BRISTOL - As Tony Betz and David Murphy arrived in Rosenberg, Texas, to spend over a week before Labor Day helping victims of Hurricane Harvey, they noticed “the storm still circulating.”
Betz, an emergency medical technician, and Murphy, a paramedic operations supervisor at Bristol Hospital Emergency Medical Services, were part of the National Disaster Medical Assistance Team of the U.S. Department of Health and Human Services.
A team consists of medical personnel from all disciplines that are trained to quickly deploy to disaster sites with sufficient supplies and equipment to sustain them and rapidly provide medical care at a fixed or temporary site.
As Betz and Murphy began the 10 days helping hurricane victims in Rosenberg, Texas, which is in Fort Bend County, right outside of Houston, they “saw a lot of flooding” and “the results of where some of the water had receded.”
“We are on an on-call schedule and anytime we are on call they can activate us,” Betz said. He explained that in the afternoon of Aug. 24, they received an email from their deputy commander to pack their bags because orders were coming soon and “by that night,” they “had written orders” to ship out the next day.
When the team arrived in Dallas, it planned to take a four-hour bus ride to Fort Bend County, “so five teams loaded up in buses at 3 p.m. and didn’t get down there until 4 a.m.,” said Murphy, who has been on the team for about eight years.
“Our team is made up of providers from Connecticut, with backfill from New Hampshire, and we had three people from Texas embedded in our team,” Betz said. “It doesn’t matter if you’re a doctor, communications, logistics - everyone does everything. With a DMAT team, we go into a situation and set up a field hospital.
“We went into Fort Bend Fairgrounds, where initially we were going to set up a full emergency room. When we arrived, there were 40 mph winds. Instead of setting up the actual hospital, we used some of their buildings to set up an ER, because the area hospitals had been closed down.”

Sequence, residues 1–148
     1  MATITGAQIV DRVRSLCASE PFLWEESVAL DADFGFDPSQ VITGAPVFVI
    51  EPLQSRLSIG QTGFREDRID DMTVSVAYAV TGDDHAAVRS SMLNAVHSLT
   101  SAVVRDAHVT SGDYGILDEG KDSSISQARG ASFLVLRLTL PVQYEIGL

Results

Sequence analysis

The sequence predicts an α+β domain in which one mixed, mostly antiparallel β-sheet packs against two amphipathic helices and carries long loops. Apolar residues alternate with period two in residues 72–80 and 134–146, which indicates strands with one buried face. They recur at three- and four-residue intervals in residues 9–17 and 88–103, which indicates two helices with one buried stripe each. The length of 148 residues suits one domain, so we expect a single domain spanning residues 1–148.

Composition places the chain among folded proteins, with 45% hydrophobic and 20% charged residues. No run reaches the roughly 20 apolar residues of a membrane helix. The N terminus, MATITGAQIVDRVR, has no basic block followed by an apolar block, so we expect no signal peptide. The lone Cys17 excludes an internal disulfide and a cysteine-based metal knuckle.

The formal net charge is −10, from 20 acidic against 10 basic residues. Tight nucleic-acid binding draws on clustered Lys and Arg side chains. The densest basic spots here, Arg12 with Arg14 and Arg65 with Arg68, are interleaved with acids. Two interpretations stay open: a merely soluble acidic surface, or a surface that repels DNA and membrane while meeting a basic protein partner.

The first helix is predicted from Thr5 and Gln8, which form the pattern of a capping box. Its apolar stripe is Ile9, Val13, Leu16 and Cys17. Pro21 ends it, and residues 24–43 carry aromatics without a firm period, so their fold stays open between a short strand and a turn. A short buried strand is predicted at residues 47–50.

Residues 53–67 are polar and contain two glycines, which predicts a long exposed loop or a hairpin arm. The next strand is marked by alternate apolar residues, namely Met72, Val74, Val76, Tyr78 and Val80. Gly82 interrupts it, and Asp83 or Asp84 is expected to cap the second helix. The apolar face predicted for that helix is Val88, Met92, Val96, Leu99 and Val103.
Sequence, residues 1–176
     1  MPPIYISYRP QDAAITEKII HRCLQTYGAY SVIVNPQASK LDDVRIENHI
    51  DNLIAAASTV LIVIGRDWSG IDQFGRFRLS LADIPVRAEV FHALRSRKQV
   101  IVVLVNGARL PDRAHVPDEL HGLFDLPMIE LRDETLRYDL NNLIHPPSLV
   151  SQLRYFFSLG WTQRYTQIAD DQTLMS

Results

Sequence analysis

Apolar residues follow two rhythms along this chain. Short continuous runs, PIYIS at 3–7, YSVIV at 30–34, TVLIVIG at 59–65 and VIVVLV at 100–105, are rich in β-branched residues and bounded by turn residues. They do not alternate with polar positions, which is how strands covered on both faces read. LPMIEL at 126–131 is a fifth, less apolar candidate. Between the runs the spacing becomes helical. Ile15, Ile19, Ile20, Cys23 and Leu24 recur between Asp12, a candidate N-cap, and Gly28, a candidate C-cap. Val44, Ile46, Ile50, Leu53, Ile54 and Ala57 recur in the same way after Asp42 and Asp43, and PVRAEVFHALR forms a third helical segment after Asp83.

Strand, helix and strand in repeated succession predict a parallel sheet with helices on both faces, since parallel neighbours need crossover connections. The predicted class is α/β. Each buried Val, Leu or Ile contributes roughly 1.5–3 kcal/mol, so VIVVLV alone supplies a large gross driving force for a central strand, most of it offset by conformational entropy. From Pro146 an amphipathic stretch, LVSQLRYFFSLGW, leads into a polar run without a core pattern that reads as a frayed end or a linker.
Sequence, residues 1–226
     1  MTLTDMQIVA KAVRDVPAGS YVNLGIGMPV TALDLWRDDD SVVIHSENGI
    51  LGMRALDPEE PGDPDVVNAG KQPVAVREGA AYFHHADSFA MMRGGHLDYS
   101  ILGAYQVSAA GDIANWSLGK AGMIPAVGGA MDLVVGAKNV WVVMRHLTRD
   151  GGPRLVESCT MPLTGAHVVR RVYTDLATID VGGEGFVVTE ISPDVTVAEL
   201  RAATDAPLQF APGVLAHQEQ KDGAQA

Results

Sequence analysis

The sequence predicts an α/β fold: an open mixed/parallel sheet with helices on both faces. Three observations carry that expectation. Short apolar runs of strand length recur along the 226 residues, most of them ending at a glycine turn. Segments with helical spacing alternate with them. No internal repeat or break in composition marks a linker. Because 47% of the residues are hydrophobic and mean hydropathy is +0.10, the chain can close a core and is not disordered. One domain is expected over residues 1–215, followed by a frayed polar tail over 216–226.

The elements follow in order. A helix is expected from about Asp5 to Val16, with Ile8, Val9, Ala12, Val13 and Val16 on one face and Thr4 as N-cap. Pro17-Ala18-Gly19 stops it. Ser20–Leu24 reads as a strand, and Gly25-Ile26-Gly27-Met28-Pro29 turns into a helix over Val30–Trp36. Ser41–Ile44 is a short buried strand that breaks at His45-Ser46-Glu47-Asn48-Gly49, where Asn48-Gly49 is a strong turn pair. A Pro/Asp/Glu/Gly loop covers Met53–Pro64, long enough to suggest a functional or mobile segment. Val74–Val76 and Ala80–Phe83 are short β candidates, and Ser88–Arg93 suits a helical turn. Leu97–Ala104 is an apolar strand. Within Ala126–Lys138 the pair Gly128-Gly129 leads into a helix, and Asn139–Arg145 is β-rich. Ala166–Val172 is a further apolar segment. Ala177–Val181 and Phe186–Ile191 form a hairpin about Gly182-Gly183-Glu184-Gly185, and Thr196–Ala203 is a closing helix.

First, the team had to unload boxes of medical equipment that were delivered by truck, Betz said, and “the medical providers set up the hospital the way they needed to set it up” with “all the equipment you would find in an emergency room.” Murphy added, “The only thing we didn’t have were CAT scan and X-ray machines. If they needed that, we had to ship them out.”
Murphy explained the team saw many displaced patients that it connected with a “shelter set up” near them. The first few days were the busiest and the team saw about 60 patients a day from in and out of the county, but the majority were from inside. He said, “There were a lot of people that were just homeless, or that had a home and it was filled with water and inhabitable.”
“Because all of the other hospitals were closed, we were getting ambulances bringing patients to us that we would stabilize and ship them on an ambulance or helicopter, or treat them and discharge them,” Betz said.
DMAT members can be deployed up to two weeks, but the team returned 10 days later on Sept. 3. Murphy said, “Medical centers by the third day were coming on line, so once they came on line the patients could go to their hospitals. So by the third day, our patient visits dropped, they determined no more need and we ended being shipped back to Houston.”
Lorenzo Burgio can be reached at email@example.com or at 860-973-5088.